Today is

   "A word to the wise ain't necessary --  
          it's the stupid ones that need the advice."
					-Bill Cosby

Tuesday, October 16, 2007

Arafat's Nobel Moment

I wept twice because of Yitzhak Rabin. The second time was when I walked into the lobby of a hotel in Beijing and picked up a copy of the International Herald Tribune reporting his murder by Yigal Amir. They were tears of sorrow and rage. Rabin was not like the vast majority of post-Biblical Jewish heroes, whose courage found expression in long-suffering piety or stoic resignation in the face of persecution. He was a warrior who had waded onto the battlefield clutching a rifle, brought home victory, and helped win us a nation. I couldn't believe a fellow Jew would rob our people of such a man.

The first time Rabin made me weep was when I saw this photo. As deracinated as I am from my faith, I imbibed enough to respond to the ultimate value of Torah: Shalom, Peace. To see Rabin grasping the hand of our enemy in the full knowledge that the world was watching broke down all my defenses of skepticism and cynicism. I wept to think that miracles just might be possible, that the worst demons of human nature could be conquered and the spirit of God be made to linger among nations. I didn't know that my first tears foreordained my second. If you look at that photo now you are peering at the moment Yitzhak Rabin signed his own death warrant.

In the year following this handshake the Nobel committee awarded Rabin, Arafat, and Shimon Peres the Nobel Peace Prize. It was keeping in the tradition of the Prize. Unlike military honors, the Peace Prize is not (at least it has not been in my political lifetime) awarded to someone deemed "worthy" of it. It is conferred with an openly instrumental purpose, to lend prestige and resources to individuals or organizations perceived as working to further the cause of peace. In this sense, the awarding of the Prize itself has always been an intrinsically political act calculated to have an effect on the trajectory of international affairs. It signals to the world that the awardee, whatever their background or past, is headed in a direction that the Committee would like to see the world follow. Such was the case when the Prize was awarded to Lech Walesa after Solidarity demonstrations in 1983, the Dalai Lama after the Tiananmen Massacre in 1989, and Aung San Suu Kyi in 1991 after the repression of democratic government in Myanmar.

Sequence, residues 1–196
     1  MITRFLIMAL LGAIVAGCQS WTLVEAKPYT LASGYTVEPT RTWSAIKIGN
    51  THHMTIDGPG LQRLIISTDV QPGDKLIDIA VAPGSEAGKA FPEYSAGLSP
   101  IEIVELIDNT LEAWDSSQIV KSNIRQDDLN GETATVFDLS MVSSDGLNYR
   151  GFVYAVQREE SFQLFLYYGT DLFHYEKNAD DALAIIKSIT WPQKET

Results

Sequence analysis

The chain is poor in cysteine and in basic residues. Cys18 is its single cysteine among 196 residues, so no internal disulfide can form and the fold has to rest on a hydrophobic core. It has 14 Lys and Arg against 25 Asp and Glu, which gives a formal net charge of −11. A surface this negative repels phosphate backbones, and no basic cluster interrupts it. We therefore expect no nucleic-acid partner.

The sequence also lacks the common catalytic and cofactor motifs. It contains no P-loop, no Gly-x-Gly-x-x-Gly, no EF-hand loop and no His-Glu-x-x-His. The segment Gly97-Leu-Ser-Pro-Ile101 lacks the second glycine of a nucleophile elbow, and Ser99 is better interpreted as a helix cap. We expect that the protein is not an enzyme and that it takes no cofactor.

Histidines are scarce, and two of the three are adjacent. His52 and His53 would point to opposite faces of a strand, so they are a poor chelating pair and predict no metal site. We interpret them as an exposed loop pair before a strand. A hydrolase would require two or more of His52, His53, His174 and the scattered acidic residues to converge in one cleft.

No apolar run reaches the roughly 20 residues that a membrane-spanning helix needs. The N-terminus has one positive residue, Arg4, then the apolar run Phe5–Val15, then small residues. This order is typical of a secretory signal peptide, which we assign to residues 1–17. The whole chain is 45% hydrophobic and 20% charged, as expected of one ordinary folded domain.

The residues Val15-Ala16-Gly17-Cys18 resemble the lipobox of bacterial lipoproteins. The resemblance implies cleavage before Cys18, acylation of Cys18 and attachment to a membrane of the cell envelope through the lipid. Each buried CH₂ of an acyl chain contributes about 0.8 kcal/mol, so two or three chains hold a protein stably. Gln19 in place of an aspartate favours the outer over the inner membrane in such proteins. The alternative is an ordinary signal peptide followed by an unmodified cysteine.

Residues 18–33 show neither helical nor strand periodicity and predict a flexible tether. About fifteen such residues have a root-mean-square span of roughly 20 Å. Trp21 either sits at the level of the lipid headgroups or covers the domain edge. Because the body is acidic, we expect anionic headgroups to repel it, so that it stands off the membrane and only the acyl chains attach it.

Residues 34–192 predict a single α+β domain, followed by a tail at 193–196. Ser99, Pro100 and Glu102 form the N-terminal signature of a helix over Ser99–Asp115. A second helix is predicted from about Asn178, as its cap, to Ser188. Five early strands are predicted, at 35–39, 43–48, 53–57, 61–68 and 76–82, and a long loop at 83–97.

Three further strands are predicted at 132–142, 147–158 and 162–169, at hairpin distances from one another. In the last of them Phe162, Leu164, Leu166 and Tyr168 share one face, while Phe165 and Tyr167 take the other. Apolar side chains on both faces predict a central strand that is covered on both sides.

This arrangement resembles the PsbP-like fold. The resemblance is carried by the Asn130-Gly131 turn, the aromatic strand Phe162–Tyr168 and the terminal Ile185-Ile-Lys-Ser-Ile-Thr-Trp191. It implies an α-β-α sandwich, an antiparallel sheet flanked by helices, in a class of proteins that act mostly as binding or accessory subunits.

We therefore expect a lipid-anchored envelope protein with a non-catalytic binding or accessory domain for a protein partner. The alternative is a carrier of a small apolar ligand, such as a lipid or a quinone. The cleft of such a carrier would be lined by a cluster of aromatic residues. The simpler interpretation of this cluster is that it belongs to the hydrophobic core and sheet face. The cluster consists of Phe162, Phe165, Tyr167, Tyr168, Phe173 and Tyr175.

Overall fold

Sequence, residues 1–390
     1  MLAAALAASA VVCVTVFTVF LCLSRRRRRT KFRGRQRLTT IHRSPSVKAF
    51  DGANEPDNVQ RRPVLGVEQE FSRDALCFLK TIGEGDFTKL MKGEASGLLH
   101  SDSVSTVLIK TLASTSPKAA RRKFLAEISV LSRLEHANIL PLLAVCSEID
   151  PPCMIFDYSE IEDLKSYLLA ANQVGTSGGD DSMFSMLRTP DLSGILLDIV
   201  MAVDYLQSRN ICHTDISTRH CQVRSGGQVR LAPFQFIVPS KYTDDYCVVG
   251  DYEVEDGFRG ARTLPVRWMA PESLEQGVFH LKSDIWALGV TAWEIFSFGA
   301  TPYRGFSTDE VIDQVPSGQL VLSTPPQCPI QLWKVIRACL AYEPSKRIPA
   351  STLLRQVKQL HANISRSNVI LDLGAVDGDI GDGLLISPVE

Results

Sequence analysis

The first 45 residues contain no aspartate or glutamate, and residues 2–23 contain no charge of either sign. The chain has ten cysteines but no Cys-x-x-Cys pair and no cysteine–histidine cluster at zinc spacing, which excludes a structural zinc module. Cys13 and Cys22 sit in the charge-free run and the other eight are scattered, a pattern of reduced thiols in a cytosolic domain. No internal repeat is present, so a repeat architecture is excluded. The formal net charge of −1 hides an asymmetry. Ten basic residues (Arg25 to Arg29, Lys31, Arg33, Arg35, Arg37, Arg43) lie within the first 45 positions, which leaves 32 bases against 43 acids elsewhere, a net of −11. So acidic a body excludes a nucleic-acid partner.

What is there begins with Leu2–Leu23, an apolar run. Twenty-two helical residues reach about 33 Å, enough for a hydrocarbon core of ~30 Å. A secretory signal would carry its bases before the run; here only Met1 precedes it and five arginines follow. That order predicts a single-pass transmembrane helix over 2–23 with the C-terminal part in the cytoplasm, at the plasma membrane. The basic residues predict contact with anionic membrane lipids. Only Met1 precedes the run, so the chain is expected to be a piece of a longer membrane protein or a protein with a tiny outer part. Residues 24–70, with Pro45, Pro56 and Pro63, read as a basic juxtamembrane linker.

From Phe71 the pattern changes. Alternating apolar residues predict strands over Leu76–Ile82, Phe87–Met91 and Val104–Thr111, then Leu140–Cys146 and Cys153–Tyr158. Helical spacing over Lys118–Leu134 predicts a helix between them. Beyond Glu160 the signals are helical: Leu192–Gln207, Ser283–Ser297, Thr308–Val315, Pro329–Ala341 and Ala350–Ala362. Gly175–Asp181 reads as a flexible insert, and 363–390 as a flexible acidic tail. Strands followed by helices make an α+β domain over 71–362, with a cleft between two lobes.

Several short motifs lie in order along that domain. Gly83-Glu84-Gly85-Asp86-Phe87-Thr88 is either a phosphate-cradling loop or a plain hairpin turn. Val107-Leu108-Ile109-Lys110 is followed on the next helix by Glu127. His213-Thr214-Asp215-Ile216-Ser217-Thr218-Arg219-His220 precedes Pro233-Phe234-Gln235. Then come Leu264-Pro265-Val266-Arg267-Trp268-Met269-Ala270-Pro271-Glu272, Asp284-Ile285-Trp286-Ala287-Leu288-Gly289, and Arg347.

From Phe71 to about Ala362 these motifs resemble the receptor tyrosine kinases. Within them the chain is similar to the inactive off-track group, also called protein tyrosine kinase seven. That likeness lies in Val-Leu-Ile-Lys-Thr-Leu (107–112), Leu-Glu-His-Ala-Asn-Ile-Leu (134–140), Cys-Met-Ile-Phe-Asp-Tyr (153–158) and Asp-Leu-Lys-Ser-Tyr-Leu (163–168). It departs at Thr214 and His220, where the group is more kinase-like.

These last examples are transparently "worthy" figures, but the logic of the Prize does not admit to its being conferred so consistently to this ilk. If one's object is to spur people toward peace, one will occasionally have to acknowledge the redemptive efforts of those tainted by war. As tainted figures go, Yasser Arafat was an especially odious one, but in 1994, in the year after this inspiring handshake, it would have been hard to argue that he was moving in the wrong direction for peace. Yes, Arafat ultimately fell execrably short of the potential suggested by this famous photo, and he ended his life having betrayed the cause of peace and let his own people down. But this is one of the risks of an award meant to encourage people in their efforts rather than reward them for their worth. If Yigal Amir hadn't committed his heinous sin things might have gone very differently.

If one thinks about Arafat and his Peace Prize fairly one must remember one thing. Whatever else was true of these men, neither of them was stupid, both knew that they were risking their lives in allowing the cameras to capture them in this posture. The fact that Arafat was ultimately proved a coward only makes his willingness to accept Rabin's hand in this moment more remarkable, and argues for the wisdom at the time of encouraging him to continue doing the right thing.

So where Kate Marie may feel that her "rogue's gallery" of "saints" completely discredits the Nobel Peace Prize, she misunderstands both the spirit and purpose of the award. There is a consistent logic to all the awards she lampoons, and that logic extends to all the awardees I've named here and on up to Al Gore. As for Al Gore, I would place his "worth" somewhere below that of Aung San Suu Kyi and above that of Yasser Arafat, but that factors very little into my belief that his Peace Prize is well deserved and in the best tradition of the Nobel. In fairness, I don't think that Gore has ever done anything remotely as brave as Arafat did in taking Rabin's hand (with the possible exception of spending a night in a foxhole at Khe Sanh during Vietnam), but I doubt that he will fall as far short of the promise that the Nobel Committee is seeking to encourage.